It seems important to remind some native English speakers that there is a WHOLE world out there that does not speak English or only uses it as a second language. In the world of international business, where you are constantly in contact with people from other cultures and countries, you (and by you I mean native English speakers) must absolutely remember that although English is your native language and is considered a lingua franca, you cannot expect everyone to adapt to you and use your language at all times. On the internet, only less than a third of the content is in English and the majority of Internet users speak a language other than English and favour pages in their native languages. Most customers when buying online will not engage in a purchase if they can’t make it in their native language. A majority of Internet users will also abandon a search or be put off if they cannot read the contents of your website in their native language. Thus, it is vital that you translate your website into other keys languages to target your customers, incite their trust and show you care for them. You can either translate your website or create a whole new local domain for the local clients.
#5 Define your strategy
As I’ve said before, language is very important in language searches. A Bulgarian will get websites in Bulgarian when searching on Google before getting anything in English or any other language. You must define a clear strategy: do you want to target clients that speak a language or a particular geographical website with your marketing and communication? It is not the same to target francophone clients as French clients or Latin-American clients as opposed to Spanish-speaking ones. Define your strategy as clearly as possible!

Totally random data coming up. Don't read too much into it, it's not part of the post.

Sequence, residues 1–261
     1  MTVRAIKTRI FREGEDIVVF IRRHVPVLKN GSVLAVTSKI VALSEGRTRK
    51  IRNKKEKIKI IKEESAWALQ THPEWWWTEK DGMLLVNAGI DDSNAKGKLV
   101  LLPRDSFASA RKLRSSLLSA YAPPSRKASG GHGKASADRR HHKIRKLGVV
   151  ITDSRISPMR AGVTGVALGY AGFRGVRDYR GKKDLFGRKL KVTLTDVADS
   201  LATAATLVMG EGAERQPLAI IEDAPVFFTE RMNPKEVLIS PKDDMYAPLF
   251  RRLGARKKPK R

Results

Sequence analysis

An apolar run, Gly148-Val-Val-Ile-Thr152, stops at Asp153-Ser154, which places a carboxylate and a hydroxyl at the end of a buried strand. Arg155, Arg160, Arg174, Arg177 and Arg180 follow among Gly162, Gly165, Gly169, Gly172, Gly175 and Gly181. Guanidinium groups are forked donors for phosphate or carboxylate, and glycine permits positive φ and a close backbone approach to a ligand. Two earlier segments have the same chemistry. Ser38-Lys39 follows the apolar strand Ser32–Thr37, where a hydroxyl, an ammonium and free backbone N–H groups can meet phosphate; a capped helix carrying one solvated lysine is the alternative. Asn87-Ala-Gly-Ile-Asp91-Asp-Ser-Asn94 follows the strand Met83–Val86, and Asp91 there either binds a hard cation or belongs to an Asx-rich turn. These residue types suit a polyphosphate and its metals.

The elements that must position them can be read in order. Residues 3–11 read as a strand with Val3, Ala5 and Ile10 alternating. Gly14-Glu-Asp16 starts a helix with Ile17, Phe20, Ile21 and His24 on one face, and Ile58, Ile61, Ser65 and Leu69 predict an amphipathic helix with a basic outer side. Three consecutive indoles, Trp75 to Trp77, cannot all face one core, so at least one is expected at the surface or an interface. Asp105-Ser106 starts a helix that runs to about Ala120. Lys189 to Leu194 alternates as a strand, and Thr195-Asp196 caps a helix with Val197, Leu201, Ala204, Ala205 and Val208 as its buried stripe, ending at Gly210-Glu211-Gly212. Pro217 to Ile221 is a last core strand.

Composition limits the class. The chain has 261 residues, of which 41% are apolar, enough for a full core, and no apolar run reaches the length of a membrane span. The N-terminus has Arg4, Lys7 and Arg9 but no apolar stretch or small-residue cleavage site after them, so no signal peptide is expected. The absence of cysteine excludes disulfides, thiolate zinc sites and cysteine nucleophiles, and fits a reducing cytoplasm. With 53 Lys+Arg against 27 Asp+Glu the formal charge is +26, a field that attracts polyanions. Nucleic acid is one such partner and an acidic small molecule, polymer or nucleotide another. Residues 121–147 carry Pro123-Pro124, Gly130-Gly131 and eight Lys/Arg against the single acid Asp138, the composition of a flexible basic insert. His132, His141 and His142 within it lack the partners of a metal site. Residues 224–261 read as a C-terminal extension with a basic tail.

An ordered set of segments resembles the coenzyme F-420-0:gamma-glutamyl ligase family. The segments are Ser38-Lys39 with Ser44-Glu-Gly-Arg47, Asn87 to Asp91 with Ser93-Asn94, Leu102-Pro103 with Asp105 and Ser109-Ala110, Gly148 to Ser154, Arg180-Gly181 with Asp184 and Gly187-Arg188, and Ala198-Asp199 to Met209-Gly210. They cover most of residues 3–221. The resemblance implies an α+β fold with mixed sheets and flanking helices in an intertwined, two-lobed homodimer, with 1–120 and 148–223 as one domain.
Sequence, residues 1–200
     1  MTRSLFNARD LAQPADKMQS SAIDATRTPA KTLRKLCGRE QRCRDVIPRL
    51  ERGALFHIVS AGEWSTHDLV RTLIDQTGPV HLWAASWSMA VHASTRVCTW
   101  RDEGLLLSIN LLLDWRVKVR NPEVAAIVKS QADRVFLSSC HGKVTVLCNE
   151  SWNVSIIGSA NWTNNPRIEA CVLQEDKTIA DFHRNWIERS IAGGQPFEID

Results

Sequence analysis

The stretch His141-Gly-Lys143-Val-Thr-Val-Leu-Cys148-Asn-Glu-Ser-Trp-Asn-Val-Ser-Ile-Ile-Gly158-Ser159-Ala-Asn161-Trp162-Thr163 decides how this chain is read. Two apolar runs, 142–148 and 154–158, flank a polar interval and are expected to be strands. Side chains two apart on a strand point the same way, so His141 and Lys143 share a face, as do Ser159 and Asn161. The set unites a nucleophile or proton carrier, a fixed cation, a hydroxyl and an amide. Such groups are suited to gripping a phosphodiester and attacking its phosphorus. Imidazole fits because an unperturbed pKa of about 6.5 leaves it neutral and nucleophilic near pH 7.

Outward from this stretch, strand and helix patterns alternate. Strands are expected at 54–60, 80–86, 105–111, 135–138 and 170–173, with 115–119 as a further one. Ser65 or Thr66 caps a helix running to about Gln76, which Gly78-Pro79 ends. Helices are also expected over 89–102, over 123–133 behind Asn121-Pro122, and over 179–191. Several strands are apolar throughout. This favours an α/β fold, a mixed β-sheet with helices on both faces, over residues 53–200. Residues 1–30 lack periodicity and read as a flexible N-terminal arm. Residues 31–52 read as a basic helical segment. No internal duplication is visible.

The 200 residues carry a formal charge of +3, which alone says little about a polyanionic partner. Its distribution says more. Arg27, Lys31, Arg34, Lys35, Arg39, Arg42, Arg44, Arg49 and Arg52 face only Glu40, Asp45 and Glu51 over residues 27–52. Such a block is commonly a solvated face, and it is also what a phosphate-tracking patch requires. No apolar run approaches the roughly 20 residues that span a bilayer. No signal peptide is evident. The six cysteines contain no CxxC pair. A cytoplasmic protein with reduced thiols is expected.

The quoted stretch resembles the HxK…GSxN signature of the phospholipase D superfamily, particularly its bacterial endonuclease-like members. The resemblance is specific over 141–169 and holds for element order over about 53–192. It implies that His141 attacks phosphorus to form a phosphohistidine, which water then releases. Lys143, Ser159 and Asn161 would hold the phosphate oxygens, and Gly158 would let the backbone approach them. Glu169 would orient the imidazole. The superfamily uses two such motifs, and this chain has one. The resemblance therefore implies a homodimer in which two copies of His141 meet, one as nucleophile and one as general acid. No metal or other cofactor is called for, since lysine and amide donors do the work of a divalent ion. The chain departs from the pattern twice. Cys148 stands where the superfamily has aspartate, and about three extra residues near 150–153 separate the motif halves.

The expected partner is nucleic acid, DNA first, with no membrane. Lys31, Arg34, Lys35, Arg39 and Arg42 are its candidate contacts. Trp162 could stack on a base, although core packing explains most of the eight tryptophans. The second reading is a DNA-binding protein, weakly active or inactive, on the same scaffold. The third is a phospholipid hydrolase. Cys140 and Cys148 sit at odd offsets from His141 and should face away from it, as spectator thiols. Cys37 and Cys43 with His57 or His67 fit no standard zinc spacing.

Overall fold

#6 Make contacting you easy
This seems quite clear: on your website it must be as easy as possible to contact you. Your phone number, email address, links to social media (Facebook, Twitter, and LinkedIn especially) and postal address must be put on the foreground. If potential clients want to contact you but struggle finding your email, they will likely give up and turn to your competitors. So give them various methods of communication that they can use to contact you.
#7 Put yourself in your customer’s shoes